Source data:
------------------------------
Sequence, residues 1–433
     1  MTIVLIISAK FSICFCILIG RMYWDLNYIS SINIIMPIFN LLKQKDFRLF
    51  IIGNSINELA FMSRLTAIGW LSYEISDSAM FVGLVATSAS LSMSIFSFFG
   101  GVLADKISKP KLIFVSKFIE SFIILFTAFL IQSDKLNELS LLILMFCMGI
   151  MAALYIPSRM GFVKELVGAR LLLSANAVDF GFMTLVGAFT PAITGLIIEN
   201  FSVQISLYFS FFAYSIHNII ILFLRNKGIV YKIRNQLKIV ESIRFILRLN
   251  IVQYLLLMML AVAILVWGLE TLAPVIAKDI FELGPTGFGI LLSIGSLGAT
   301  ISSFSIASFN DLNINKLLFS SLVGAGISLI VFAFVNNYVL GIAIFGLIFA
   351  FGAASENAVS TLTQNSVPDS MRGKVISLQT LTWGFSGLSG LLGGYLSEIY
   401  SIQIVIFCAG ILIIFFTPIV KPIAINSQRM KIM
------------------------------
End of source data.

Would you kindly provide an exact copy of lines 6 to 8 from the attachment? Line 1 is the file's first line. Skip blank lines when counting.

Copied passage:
   201  FSVQISLYFS FFAYSIHNII ILFLRNKGIV YKIRNQLKIV ESIRFILRLN
   251  IVQYLLLMML AVAILVWGLE TLAPVIAKDI FELGPTGFGI LLSIGSLGAT
   301  ISSFSIASFN DLNINKLLFS SLVGAGISLI VFAFVNNYVL GIAIFGLIFA